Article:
The fundamental sampling strategy involves selecting data points at random, however, it has a disadvantage in that high-frequency data points are selected based on the distribution.
For example, we have a backpack with three pens, ten notebooks, and one pencil. If we choose one item from the bag, the chances of getting a notebook are 0.71 (10/14), a pen is 0.21 (3/14), and a pencil is 0.07 (1/14).
We don’t want to pick high-frequency words all the time because they are less valuable than unusual ones. The power of 3/4 is applied to the probability in the word2vec implementation. For instance, the likelihood of a notebook is 0.71, which is changed to 0.77, and the probability of a pencil is converted from 0.07 to 0.14. In such instances, the likelihood of a pencil is twofold.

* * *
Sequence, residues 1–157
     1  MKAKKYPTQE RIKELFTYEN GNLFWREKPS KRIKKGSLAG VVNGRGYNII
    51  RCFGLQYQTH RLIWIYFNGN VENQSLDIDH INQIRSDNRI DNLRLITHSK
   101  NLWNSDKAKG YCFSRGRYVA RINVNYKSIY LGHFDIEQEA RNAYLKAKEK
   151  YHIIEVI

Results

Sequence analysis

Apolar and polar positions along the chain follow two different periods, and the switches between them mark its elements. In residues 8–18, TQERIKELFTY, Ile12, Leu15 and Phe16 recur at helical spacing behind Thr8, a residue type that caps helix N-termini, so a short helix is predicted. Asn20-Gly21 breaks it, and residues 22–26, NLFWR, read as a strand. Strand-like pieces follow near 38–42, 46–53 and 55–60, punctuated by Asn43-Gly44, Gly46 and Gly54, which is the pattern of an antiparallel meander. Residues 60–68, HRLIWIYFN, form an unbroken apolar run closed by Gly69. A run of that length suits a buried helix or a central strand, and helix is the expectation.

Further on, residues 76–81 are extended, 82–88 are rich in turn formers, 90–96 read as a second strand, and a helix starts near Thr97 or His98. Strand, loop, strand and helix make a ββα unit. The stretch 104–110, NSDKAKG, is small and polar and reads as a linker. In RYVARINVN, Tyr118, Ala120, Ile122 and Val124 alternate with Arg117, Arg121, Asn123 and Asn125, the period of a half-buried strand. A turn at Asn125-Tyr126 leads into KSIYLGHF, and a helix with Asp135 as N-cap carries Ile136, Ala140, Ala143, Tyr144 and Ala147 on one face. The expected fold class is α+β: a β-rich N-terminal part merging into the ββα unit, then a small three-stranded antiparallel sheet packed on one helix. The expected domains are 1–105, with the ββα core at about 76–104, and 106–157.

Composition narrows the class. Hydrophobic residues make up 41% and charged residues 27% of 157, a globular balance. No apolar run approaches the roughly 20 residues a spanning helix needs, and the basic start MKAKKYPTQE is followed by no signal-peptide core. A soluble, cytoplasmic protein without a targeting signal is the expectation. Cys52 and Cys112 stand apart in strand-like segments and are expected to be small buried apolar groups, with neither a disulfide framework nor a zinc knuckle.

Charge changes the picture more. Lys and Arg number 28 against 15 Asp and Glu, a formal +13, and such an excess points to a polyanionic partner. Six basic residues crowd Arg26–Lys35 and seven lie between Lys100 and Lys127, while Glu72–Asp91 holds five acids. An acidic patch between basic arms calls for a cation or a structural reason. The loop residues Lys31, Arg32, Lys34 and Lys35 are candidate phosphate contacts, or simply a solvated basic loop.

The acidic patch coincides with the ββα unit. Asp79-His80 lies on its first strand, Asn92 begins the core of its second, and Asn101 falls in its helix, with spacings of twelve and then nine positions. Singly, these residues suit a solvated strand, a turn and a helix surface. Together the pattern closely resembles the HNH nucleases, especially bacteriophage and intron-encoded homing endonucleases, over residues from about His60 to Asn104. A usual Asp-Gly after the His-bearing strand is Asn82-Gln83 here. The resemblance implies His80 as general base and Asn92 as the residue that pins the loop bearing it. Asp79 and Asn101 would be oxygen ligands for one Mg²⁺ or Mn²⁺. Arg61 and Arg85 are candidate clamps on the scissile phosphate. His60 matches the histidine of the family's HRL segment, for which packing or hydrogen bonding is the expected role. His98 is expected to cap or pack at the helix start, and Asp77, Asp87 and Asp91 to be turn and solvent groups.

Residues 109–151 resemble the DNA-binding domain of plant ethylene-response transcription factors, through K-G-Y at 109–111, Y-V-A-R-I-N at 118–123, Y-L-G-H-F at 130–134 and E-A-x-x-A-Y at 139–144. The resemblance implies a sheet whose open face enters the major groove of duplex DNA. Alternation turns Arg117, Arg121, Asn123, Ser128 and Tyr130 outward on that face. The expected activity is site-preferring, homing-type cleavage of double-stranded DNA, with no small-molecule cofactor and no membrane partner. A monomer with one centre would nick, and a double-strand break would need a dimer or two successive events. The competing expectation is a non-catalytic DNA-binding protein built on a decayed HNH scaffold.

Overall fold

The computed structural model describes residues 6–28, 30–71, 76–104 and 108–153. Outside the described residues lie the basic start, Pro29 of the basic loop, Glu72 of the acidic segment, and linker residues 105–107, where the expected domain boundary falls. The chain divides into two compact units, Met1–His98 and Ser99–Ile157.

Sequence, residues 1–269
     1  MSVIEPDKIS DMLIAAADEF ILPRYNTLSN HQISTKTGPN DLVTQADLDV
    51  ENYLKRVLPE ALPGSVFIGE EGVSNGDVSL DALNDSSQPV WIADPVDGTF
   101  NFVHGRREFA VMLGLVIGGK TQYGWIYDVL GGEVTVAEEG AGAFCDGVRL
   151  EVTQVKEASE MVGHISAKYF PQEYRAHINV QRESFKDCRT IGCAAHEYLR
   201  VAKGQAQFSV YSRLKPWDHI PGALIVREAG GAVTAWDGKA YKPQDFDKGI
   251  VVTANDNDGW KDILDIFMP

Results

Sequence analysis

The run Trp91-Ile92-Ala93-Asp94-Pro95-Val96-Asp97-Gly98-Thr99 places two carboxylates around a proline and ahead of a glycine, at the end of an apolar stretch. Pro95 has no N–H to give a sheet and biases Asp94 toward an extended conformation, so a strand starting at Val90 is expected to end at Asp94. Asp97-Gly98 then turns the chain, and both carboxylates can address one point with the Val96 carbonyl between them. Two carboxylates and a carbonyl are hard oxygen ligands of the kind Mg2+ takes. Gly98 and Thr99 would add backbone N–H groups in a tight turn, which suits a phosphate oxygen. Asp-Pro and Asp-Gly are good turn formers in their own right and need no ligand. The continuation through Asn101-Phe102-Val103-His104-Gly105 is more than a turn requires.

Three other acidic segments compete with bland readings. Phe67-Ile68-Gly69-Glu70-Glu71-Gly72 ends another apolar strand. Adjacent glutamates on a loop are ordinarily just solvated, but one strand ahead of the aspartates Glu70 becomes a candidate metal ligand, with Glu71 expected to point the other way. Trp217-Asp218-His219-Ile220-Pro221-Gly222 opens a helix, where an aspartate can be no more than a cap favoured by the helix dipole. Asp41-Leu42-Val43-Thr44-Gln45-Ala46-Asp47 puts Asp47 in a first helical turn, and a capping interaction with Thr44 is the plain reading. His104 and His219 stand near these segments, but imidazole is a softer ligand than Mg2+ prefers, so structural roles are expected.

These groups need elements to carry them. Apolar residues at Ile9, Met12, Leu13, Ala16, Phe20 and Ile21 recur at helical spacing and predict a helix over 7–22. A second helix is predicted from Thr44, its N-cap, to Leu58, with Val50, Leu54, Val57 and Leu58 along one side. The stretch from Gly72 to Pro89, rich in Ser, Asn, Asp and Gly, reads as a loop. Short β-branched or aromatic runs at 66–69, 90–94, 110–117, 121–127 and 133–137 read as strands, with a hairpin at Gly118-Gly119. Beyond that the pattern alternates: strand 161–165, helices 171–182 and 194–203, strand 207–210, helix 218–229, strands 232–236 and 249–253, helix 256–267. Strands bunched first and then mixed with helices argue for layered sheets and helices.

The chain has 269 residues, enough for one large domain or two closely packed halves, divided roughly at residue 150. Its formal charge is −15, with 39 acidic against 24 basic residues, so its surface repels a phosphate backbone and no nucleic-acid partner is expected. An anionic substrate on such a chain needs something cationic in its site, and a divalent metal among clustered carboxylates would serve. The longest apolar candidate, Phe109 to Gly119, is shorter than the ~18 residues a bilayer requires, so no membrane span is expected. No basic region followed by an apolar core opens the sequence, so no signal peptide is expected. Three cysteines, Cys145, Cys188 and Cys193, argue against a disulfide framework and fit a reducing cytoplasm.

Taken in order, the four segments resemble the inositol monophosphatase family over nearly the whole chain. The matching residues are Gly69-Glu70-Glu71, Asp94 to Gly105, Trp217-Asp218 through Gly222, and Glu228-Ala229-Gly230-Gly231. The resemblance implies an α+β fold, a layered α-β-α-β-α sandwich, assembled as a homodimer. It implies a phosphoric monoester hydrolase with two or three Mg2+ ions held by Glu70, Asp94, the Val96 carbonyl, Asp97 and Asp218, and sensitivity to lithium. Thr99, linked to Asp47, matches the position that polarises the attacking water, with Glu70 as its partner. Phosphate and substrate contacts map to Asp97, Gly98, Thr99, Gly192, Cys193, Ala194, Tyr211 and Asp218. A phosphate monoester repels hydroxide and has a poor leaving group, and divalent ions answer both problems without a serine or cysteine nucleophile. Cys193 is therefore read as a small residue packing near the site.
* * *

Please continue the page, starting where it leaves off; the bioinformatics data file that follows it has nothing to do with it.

In this post, we learned how skip-gram models can be used for training word vectors and how negative sampling is utilized for this purpose. First, we understood the problem faced by word2vec models and then we discussed the negative sampling technique to address this problem. In simple terms, it is the process of approximating the softmax function by just drawing a few examples from the set of samples that do not appear in the context of the main word. This is done in order to lower the computing cost of the softmax function and it is performed across the full vocabulary.
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Vijaysinh is an enthusiast in machine learning and deep learning. He is skilled in ML algorithms, data manipulation, handling and visualization, model building.